Tuesday, October 9, 2012

The Love of Divena by Kay Marshall Strom




Face to Face With Slavery 

By Kay Marshall Strom 

My latest book, The Love of Divena, is fiction set in fact. On my first trip to India, I met a couple I’ll call Ajit and Jaya. Both came from the lowest rung of India’s social ladder—Dalits. Outcastes formerly known as Untouchable. Both had spent their entire lives working in a local landlord’s fields.

Ajit’s family belonged to the landowner because many years earlier, in a time of desperation, his grandfather borrowed a few rupees from the landowner’s grandfather, agreeing to work off the debt. The landowner’s grandfather credited Ajit’s family for their work, but he charged an outrageous amount to rent a small hut and buy a few handfuls of rice. Because only landlords could read and write, they made certain that for each generation, the family’s indebtedness grew and grew until it could never be paid off. Ajit was doomed from birth to spend his life working in the landlord’s fields. From dawn to sundown every day, under the blistering sun or in monsoon floods.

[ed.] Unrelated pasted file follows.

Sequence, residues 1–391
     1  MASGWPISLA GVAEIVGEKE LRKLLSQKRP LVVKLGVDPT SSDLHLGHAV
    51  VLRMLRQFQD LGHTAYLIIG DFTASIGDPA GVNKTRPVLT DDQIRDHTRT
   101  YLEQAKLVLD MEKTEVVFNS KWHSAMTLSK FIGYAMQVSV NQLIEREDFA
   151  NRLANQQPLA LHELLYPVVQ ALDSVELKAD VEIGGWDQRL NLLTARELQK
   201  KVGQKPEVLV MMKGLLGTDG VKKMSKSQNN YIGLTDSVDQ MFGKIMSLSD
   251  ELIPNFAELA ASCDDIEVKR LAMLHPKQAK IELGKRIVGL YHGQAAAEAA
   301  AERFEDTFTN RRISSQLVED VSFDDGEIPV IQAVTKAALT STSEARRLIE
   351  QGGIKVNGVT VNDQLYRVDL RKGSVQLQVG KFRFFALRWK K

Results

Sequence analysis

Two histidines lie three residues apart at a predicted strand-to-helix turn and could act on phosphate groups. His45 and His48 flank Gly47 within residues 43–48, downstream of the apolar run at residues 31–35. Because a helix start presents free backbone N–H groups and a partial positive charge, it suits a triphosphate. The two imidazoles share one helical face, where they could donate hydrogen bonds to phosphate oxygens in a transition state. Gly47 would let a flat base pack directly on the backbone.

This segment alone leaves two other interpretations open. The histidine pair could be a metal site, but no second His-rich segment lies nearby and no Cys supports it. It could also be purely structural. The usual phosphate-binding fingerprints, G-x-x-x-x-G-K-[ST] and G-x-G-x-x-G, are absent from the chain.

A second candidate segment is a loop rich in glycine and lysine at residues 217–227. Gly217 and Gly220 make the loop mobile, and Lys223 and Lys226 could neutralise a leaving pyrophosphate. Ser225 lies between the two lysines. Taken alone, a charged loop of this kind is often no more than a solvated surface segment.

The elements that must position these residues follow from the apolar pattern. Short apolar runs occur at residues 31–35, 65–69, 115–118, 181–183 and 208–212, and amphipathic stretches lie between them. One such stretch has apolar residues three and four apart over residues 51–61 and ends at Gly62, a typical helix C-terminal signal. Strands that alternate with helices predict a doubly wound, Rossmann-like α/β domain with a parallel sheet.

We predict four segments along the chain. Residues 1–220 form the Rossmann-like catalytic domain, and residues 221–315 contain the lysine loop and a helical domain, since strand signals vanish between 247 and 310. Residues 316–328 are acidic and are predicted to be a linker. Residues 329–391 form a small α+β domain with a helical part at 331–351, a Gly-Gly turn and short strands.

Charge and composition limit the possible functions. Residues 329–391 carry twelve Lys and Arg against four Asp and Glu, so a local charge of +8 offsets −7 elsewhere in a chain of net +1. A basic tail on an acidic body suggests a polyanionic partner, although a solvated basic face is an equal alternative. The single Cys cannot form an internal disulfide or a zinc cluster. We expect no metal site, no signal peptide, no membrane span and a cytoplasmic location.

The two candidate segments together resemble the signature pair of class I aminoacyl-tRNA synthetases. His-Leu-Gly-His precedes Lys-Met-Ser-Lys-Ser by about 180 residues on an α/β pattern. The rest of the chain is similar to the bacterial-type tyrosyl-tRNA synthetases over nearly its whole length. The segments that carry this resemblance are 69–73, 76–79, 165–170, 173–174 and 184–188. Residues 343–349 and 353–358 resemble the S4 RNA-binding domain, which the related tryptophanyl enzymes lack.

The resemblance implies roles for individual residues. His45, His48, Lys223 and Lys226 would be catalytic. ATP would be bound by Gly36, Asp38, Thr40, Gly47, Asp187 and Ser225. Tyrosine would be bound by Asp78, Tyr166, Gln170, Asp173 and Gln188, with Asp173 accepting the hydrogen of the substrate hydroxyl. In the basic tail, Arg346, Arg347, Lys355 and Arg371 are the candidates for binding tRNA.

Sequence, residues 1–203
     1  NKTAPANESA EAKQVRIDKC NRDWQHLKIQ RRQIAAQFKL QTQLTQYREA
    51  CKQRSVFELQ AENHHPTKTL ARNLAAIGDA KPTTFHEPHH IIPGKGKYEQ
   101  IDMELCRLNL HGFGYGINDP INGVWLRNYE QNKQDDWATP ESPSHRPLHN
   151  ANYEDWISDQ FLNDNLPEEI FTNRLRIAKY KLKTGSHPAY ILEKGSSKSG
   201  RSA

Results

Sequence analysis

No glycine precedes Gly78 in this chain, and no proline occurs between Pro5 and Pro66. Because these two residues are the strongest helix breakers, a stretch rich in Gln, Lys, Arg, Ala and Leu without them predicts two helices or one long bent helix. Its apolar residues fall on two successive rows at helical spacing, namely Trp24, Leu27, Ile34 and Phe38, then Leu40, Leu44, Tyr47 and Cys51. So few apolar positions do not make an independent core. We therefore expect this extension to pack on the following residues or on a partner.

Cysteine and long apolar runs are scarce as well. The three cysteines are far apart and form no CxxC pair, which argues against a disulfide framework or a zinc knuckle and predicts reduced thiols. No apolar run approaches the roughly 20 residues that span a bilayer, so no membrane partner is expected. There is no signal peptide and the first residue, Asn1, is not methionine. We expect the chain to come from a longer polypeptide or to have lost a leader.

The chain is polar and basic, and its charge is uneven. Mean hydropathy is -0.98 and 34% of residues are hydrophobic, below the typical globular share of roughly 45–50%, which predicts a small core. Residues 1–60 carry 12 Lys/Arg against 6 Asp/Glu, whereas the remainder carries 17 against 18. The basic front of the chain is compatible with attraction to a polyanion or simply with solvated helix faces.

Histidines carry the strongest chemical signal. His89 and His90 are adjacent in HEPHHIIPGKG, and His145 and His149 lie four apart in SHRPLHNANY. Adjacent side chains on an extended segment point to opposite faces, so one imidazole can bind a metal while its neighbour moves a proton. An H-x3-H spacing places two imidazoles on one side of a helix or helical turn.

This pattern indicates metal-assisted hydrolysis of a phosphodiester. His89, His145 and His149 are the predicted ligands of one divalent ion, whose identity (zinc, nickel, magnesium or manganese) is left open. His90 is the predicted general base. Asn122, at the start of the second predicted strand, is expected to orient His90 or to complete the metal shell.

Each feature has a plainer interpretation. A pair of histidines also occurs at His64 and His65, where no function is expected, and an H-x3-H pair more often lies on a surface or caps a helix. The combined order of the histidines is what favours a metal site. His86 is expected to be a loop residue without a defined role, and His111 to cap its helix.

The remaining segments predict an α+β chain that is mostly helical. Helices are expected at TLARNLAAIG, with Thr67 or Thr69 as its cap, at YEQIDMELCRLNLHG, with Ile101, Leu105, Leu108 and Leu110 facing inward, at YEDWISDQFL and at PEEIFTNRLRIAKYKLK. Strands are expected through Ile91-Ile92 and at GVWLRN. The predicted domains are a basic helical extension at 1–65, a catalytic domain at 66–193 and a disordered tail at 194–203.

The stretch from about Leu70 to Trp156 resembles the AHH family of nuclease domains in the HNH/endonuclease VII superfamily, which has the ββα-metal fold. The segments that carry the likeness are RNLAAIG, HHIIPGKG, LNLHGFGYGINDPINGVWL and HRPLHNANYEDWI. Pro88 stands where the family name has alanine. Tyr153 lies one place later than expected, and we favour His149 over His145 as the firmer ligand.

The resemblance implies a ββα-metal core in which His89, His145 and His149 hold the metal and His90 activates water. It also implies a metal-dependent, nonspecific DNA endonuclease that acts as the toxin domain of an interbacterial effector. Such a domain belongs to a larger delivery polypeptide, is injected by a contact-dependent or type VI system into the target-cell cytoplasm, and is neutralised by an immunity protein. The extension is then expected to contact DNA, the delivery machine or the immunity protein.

Both Ajit and Jaya were bonded laborers, entrapped in the most widespread form of slavery today. In India alone, 10 million people are enslaved for generations in the same way.

 Jaya was thirteen years old when her father married her to Ajit. Every day she got up long before the sun, built a fire and cooked rice, then headed to the fields at dawn. She knew no other life. And whenever the landlord looked upon her with pleasure and told her to stay behind while the others went to the fields, she screamed inside, but she always stayed. She had no choice. He owned her.

But one day Ajit stepped between his wife and the landlord. “No, she will not stay behind with you,” he said. The landlord had Ajit beaten, but Ajit would not back down. The landlord refused them rice, but Ajit and Jaya said they would rather starve. When they managed to sneak away in the middle of the night, the furious landowner sent his thags to hunt them down and drag them back.